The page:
If I was to make a direct comparison it would be to the A-4, not the A-6 and I would specifically envision a tactical model where the biggest weapons I would be carrying would be a pair of AGM-88E (1,650lbs) or AIM-120D (800lbs) as hounds before the hunters of F-35s which cannot carry the HARM internally and would have to sacrifice A2G munitions to load up another pair of AMRAAM.

    Best to risk only the least valuable asset using the ASQ-239 and APG-81 of the trailing jet to designate the munitions which are well out ahead on much shorter poles.

    Sequestration of budget funding and the need to pay for the new Reagan classes also need to be a part of the equation here.

    If the USN is serious about bringing unmanned aviation to their airpower capability set, they should not bloat the system spec in Gen-1 because the airframe will become hugely unaffordable. Literally.

    If they are just looking for a way to avoid competition with their manned systems by deliberately asking for what they do not intend to buy, then they should be honest and not waste billions with a B only to justify cancellation later. That’s fiduciary fraud of the taxpayer’s trust.

    In this, it is worth noting that the DARPA UDS->UOS program exit as decision point was originally to be in 2006. Which would have made it competitive with the F-35 SDD->Production Ramp as an alternative, low cost, system.

    The USAF got the DARPA program manager ‘transferred’ and took over the program in early 2001, just in time to cancel it as being too expensive while they fought the GWOT after 9/11. And now we are stuck with a 388 billion dollar monster JSF program for which there are NO manned alternatives to cheaply fill out the force structure.

    Keep very tight control over the UCLASS system cost setpoints as program purse strings gentlemen. Because it’s no longer a matter of core-aviator to unmanned jet preservation of ‘union jobs’. It’s now about whether you will have the decks to deploy with at all.

    • Spothannah@aol.com

      It appears to me that rate of technological advances has or soon will outstrip planning for future technology solutions. What seems like a likely technological advancement at some future date is actually (when that date arrives) antiquated and obsolete. How does prediction play into this scenario?

      • Lop_Eared_Galoot


        It is certainly true that development of new technological capabilities can be ‘utilitarian’ in response to existing means and methods of accomplishing a given mission (which is of course subject to obsolescence of the mission itself). Or ‘innovative’ in accomplishing a mission which has not yet been perceived as having utility in a military sense.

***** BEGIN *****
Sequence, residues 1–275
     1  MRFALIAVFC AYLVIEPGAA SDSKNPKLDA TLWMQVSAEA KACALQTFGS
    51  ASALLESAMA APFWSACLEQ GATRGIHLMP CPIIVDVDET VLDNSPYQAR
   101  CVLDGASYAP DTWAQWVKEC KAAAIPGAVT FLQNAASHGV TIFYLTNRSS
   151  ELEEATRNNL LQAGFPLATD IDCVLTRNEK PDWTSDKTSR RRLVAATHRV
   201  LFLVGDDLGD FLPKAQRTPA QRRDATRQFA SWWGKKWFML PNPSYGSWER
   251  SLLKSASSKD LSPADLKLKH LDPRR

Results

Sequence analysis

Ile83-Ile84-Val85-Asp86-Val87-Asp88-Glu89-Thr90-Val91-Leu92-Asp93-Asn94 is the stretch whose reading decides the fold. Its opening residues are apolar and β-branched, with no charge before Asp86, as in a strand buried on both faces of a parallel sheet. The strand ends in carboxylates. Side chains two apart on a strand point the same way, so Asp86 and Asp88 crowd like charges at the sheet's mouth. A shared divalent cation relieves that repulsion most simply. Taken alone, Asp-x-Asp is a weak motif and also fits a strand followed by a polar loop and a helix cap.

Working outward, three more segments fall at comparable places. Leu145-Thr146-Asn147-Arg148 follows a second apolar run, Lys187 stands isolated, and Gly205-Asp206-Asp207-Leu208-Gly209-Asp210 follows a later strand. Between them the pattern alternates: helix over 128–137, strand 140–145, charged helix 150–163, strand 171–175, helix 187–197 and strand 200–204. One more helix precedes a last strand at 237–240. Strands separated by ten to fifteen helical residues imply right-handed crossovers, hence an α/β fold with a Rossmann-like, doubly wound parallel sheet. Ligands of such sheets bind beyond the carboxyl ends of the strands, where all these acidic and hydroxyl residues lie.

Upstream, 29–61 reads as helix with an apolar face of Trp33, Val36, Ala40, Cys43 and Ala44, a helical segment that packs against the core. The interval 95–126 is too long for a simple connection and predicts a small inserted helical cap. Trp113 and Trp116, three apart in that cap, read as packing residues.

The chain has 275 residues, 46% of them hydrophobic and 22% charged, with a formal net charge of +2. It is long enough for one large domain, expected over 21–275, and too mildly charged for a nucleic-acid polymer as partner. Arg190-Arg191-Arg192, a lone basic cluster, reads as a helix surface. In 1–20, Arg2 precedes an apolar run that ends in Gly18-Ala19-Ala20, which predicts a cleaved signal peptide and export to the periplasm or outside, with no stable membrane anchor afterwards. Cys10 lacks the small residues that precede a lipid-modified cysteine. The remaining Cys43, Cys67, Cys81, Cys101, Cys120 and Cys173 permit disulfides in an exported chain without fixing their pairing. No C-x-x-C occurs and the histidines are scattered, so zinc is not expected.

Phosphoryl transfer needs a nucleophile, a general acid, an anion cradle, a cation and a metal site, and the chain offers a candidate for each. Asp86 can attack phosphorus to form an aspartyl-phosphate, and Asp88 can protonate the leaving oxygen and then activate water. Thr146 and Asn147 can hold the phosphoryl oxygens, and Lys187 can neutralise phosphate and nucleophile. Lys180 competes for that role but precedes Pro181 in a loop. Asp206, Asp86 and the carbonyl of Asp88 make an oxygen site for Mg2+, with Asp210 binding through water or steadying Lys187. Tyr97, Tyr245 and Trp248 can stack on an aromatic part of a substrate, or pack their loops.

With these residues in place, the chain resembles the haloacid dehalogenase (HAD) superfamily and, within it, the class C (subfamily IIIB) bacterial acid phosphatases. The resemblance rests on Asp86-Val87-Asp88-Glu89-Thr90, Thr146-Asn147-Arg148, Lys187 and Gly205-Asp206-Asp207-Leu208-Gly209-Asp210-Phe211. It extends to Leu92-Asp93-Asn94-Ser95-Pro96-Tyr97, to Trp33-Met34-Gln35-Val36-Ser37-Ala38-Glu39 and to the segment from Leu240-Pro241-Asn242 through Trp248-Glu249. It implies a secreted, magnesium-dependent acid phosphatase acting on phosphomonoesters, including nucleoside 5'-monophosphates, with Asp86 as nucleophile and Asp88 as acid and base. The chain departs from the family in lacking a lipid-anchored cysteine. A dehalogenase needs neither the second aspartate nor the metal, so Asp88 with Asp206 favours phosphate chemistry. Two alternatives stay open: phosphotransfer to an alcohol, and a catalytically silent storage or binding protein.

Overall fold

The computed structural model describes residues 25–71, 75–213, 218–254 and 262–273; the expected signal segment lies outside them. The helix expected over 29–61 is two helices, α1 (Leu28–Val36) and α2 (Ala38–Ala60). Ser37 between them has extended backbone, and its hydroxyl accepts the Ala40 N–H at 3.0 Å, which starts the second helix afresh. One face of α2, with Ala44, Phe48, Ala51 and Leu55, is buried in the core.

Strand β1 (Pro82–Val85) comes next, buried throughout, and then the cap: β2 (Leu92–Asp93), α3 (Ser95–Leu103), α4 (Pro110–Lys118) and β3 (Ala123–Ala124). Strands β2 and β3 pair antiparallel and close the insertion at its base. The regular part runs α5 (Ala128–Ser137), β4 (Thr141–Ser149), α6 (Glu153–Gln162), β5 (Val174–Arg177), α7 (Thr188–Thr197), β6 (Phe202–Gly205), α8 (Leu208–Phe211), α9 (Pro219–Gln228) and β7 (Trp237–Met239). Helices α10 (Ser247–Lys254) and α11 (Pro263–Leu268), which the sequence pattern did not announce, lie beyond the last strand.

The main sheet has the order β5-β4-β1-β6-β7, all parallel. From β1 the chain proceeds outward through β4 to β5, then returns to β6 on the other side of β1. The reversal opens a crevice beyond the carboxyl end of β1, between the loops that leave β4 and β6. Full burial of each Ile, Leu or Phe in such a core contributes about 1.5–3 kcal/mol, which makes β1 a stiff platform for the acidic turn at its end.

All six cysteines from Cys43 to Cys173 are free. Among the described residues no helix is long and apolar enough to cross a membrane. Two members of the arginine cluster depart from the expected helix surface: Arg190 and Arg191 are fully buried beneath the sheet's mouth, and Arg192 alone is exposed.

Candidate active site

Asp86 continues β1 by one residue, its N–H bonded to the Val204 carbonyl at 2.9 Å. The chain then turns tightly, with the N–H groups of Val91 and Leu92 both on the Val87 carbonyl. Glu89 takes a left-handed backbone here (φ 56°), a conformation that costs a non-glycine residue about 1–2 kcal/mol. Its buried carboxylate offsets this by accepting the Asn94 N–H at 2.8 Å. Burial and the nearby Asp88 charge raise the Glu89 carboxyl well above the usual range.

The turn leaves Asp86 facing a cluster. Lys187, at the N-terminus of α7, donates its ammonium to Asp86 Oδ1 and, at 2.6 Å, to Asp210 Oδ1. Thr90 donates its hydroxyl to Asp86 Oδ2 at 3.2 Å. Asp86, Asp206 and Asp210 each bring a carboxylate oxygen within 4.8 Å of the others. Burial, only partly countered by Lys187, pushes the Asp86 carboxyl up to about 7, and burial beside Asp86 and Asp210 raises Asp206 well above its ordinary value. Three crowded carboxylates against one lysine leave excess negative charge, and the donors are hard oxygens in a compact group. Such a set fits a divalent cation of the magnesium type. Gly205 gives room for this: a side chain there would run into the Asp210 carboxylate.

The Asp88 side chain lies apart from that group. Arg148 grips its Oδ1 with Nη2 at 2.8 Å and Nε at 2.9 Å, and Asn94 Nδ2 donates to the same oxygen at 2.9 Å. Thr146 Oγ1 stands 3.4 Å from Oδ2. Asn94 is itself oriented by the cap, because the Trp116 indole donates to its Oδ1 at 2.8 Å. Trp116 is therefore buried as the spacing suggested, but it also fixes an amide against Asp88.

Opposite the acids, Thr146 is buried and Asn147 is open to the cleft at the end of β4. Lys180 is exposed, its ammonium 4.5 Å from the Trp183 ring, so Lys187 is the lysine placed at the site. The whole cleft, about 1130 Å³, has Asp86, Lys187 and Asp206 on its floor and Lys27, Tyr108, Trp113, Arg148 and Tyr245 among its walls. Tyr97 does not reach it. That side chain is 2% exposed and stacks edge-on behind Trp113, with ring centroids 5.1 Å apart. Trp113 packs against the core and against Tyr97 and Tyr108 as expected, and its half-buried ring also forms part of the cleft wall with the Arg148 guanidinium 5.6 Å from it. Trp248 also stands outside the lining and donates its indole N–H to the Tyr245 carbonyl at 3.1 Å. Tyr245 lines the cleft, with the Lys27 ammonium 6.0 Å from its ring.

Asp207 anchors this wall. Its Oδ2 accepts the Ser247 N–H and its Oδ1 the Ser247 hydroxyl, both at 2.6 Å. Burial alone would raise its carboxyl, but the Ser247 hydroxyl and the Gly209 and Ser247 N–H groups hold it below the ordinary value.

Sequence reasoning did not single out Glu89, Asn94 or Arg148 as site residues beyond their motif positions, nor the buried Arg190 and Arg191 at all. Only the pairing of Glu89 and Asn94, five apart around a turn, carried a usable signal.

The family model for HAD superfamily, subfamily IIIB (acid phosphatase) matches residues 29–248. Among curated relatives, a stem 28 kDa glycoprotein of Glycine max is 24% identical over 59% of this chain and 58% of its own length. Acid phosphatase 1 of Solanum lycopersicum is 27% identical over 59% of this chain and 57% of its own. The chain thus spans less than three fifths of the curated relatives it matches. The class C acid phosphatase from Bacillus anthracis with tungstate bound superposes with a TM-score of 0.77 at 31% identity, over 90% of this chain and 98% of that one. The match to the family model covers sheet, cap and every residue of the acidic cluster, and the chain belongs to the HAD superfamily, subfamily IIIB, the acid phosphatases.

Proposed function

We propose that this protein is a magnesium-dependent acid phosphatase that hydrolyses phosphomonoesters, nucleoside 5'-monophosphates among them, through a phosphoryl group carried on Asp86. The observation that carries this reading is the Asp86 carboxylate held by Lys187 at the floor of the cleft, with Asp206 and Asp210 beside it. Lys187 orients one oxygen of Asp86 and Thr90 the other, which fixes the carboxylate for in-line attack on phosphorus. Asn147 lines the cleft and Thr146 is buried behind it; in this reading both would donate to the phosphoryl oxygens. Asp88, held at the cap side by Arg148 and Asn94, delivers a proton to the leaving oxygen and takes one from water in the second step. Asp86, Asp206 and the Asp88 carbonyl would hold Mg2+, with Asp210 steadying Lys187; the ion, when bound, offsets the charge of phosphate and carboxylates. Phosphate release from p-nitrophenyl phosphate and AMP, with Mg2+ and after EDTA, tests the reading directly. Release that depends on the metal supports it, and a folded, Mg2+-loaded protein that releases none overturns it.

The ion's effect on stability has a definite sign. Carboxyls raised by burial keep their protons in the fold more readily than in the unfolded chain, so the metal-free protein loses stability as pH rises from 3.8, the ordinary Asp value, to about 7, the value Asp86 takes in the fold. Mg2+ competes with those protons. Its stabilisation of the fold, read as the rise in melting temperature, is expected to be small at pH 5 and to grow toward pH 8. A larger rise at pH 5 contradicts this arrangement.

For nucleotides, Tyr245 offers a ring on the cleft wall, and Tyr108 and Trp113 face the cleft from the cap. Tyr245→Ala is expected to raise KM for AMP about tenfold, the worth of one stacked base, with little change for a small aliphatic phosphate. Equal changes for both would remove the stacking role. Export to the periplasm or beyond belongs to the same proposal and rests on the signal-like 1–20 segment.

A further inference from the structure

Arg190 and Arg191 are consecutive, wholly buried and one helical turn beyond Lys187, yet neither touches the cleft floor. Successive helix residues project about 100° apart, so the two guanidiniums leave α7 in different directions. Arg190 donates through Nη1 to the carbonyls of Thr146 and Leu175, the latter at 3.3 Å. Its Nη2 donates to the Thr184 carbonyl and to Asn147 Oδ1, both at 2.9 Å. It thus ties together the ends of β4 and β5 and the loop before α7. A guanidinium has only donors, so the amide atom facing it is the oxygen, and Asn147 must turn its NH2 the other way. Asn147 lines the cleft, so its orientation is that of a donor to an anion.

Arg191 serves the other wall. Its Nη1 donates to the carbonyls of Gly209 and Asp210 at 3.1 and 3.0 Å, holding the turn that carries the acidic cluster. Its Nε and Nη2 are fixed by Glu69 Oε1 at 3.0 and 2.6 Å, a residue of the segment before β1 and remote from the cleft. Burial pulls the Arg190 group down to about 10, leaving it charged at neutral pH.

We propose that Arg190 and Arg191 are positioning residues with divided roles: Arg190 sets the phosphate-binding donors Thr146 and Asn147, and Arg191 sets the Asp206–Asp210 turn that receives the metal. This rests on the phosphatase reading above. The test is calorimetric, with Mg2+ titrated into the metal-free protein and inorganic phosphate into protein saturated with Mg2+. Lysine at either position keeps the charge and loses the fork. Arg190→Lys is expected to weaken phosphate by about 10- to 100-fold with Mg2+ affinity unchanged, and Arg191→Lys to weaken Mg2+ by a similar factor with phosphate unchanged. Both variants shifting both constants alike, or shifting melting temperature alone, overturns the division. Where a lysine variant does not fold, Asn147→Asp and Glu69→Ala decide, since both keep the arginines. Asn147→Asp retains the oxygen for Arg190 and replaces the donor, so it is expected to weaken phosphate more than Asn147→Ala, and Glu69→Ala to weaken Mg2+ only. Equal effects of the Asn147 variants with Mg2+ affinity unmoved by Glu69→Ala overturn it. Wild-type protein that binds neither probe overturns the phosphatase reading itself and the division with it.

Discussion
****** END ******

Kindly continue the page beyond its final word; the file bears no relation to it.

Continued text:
UCAVs do what F-teens and even F-20/30 series jets do in 90% of combat flight: move from base to target area at 1G, wings level, Mach .65-.85 and 30-40,000ft altitudes, just like an airliner, for the same reasons: fuel efficiency and safety at height (‘air under wings’ = time to resolve problems, avoid other traffic and birds, plus prep for a worst case ejection).

        What UCAVs do that other jets don’t is threefold:

        A. Achieve better range.

        The original J-UCAS program had a requirement for 1,100nm and 2hrs on station, nearly twice that of the F-35. This is because jets which mix missions (fighter and strike) carry dead 10,000lbs of dead weight and aerodynamic drag that they do not have to. Namely half their engine length as afterburner ducting and a cockpit+airborne intercept radar which greatly ‘bulge’ the frontal area of the jet. In a world where the mission is one of finding targets that don’t agreeably show up when you do, range + loiter translates to more targets serviced, per sortie, rather than per airframe (where a manned airframe has to be replaced on-station, twice as often).

        B. Are more stealthy/have more weapons options.

        Lacking conventional Empennage as tails as well as the aforementioned inlet/canopy/hog’s-nose radar of a conventional fighter which trades stability margin in extreme maneuvering for vastly larger radar and optical signatures, the X-47B is much more stealthy, both optically, by infrared and at radar wavelengths.